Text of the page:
U.S. Patent and Trademark Office
Background The Federal Activities Inventory Reform (FAIR) Act codifies the Office of Management and Budget (OMB) Circular A-76 and requires the head of each agency to submit to OMB a list of activities performed by the Federal government that, in the judgement of the head of the agency, are not inherently governmental functions. The inventory is useful in strategic planning, thereby enabling agencies to maximize resource management by identifying functions suitable for outsourcing.
OMB has provided guidance for developing this inventory in Circular A-76 and its supplemental handbook, and has instituted use of a coding schema to standardize the definition of activities across government. The FY 2000 inventory will be made available to the public on the Internet or can be requested from the USPTO in hard copy.
Agency decisions to include or exclude specific functions from the inventory may be challenged by interested parties including federal employees, private industry, unions, and professional associations. The challenge process takes place after approval of the inventory by OMB and notification in the Federal Register of its availability from the USPTO.
Fiscal Year 1998/99 Inventory Process The Chief Financial Officer and Chief Administrative Officer (CFO/CAO) at the USPTO has the responsibility for developing the commercial inventory. To assure a balanced approach to the effort, an interoffice team was established with members from various operating units within the organization. The team as a basis for the total FTE count used a specific pay period in the fiscal year. The team (1) developed a draft inventory, (2) met with staff from each individual operating unit to review/discuss the draft and make changes as appropriate, (3) developed a final inventory and briefed the USPTO Operations Council which consists of senior management from each of the operating units, and (4) briefed the Under Secretary and Director of the United States Patent and Trademark Office regarding the items composing the commercial inventory. The CFO/CAO submitted the final inventory to the Office of the Secretary at the Department of Commerce for inclusion into the Departments inventory.
Challenges and Appeals to the FY 1998/99 Inventory The Department of Commerce received two challenges to the USPTOs commercial inventory:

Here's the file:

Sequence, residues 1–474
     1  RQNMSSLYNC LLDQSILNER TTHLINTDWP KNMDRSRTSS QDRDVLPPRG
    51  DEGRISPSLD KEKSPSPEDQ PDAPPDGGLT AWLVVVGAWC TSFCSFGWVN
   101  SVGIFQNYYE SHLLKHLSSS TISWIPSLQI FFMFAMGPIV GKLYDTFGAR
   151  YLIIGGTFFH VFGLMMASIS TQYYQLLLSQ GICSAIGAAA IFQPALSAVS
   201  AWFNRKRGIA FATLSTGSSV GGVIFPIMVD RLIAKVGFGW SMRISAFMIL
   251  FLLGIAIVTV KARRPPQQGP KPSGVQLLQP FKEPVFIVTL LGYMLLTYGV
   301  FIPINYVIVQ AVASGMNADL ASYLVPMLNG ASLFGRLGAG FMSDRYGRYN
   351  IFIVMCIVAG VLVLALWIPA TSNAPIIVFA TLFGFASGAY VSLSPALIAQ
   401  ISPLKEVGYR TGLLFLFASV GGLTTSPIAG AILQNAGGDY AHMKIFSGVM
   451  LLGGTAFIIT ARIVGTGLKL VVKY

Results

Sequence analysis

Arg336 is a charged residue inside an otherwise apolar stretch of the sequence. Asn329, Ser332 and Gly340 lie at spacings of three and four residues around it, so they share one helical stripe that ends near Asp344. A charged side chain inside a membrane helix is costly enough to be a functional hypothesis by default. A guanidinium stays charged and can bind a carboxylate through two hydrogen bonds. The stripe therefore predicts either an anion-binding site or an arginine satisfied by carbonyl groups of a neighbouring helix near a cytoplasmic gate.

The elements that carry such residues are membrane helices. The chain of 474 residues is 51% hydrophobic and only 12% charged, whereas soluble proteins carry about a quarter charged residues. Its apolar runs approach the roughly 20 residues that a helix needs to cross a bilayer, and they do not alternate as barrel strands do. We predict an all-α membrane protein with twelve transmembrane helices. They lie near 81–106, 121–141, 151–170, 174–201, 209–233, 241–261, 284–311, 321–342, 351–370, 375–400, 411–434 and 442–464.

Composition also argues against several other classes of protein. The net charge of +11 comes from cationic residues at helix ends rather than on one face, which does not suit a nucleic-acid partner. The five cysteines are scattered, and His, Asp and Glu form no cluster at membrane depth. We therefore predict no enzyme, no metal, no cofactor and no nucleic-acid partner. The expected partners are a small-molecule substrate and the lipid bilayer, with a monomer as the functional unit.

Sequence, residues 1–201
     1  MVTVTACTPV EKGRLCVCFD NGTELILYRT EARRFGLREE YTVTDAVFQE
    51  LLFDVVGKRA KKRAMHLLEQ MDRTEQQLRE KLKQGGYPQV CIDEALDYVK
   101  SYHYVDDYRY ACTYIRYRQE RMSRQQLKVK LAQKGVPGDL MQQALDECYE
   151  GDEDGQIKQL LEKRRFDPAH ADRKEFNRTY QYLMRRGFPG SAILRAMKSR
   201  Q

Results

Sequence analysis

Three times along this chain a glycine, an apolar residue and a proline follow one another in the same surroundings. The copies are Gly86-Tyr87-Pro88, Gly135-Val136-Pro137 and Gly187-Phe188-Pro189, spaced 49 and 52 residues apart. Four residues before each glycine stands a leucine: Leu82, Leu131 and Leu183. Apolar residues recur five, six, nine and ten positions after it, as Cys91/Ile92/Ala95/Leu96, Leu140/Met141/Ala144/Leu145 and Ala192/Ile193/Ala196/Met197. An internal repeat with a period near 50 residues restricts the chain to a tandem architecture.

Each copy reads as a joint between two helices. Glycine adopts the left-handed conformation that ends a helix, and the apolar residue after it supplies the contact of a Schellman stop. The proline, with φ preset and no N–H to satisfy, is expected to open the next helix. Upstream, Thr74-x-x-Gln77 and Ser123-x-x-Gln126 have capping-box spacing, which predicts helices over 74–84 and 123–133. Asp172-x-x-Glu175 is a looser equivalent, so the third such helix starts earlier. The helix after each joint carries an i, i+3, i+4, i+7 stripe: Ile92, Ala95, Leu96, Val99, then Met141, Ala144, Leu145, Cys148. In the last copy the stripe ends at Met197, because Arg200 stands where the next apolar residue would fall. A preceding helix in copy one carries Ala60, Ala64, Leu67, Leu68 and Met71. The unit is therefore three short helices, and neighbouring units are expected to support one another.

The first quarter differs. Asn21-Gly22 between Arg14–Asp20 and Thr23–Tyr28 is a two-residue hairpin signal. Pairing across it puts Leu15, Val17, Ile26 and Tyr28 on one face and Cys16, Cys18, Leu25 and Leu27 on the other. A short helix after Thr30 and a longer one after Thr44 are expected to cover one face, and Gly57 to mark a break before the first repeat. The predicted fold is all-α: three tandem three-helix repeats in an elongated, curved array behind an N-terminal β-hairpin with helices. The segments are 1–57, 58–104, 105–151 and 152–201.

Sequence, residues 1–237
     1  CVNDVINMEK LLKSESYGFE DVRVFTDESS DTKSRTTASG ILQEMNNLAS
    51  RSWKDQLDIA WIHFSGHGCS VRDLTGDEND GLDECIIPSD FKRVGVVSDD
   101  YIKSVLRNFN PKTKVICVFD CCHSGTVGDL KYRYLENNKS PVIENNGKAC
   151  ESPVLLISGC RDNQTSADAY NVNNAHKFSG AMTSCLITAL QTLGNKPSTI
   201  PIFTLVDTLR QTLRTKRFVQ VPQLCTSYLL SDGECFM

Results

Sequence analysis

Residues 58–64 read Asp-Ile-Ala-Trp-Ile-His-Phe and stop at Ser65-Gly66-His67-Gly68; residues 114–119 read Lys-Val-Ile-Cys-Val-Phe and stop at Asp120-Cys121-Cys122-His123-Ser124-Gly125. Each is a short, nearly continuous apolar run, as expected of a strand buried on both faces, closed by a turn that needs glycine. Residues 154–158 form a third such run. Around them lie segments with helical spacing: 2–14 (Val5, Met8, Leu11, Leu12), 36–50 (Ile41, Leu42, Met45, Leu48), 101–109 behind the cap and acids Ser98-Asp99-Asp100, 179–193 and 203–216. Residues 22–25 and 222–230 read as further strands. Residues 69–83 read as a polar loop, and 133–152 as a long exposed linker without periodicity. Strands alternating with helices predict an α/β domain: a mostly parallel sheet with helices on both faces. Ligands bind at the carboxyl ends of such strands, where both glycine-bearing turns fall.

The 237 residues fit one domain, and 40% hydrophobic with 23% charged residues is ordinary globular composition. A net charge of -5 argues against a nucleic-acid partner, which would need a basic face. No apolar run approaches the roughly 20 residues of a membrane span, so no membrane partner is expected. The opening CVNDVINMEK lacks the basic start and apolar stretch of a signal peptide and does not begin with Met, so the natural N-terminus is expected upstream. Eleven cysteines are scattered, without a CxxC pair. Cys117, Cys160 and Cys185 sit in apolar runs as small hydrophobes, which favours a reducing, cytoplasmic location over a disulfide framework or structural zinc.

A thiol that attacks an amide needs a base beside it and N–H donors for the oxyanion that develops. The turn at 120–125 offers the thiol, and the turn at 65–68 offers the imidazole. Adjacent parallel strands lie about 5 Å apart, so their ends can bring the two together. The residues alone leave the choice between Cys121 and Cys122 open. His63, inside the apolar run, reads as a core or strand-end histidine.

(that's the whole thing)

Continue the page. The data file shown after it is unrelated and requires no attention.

- The National Treasury Employees Union (NTEU) specifically challenged as erroneous the classification of six groups of FTE as Category B. Category B activities are those performed by Federal employees that are subject to cost comparison or direct conversion under OMB Circular A-76 and the Supplemental Handbook. The FTE identified by NTEU do not determine policy, do not make decisions regarding Federal property, do not make decisions regarding acquisition of supplies or services, and are not contracting officials. Therefore, they meet the standards laid out for Category B FTE. The Department responded to the challenge on December 16, 1999. No further action required.
- The Information Technology Association of America (ITAA) challenged the USPTOs failure to include reference to any ADP or communications functions in its inventory. The USPTO responded that it had already contracted for a number of services in the area of information technology. At the time of the challenge, the USPTO had over 860 individuals under contract to provide support in this area. When compared to the 237 government employees reported in the inventory, this indicates a contractor to employee ratio of 3.5 to 1. The Department responded to the challenge on December 16, 1999. No further action required.
Fiscal Year 2000 Inventory Process The preparation of the USPTOs commercial inventory for FY 2000 essentially consisted of the same approach used in developing the FY 1998/99 inventory, with one exception. For FY 2000, the Partnership Council, composed of senior managers and union officers, was briefed by the CFO/CAO as to the reporting requirements and other pertinent information regarding the FAIR Act. In addition, an intranet website will be established to provide copies of the inventory to our employees.
Review of Commercial Activities Process With the passage of the American Inventors Protection Act of 1999, the USPTO officially became a Performance Based Organization (PBO). As a PBO, we will manage growth while improving processing times, enhance quality and customer satisfaction, and invest in information technology for future performance. To assist us in accomplishing these tasks, we have developed many tools.
We were one of the first Federal agencies to successfully implement an enterprise-wide activity-based cost (ABC) accounting system. The incremental deployment of ABC began in FY 1998 and will continue through FY 2001. By using ABC, we are able to collect and analyze the costs associated with processes and services provided to internal and external customers on a USPTO-wide basis. During FY 1999, we began leveraging our ABC system to provide activity-based management (ABM). ABM can provide for better management and control of costs against revenue, enable more effective decision-making, and provide greater accountability over incurred costs.
As we continue to transition to a fully operational PBO, the commercial activities process along with our ABC and ABM activities will be just a few of the tools which will enable us to review all of our activities on an ongoing basis to assure that they are done efficiently and effectively. This, in turn, will provide the best return on investment to our customers.
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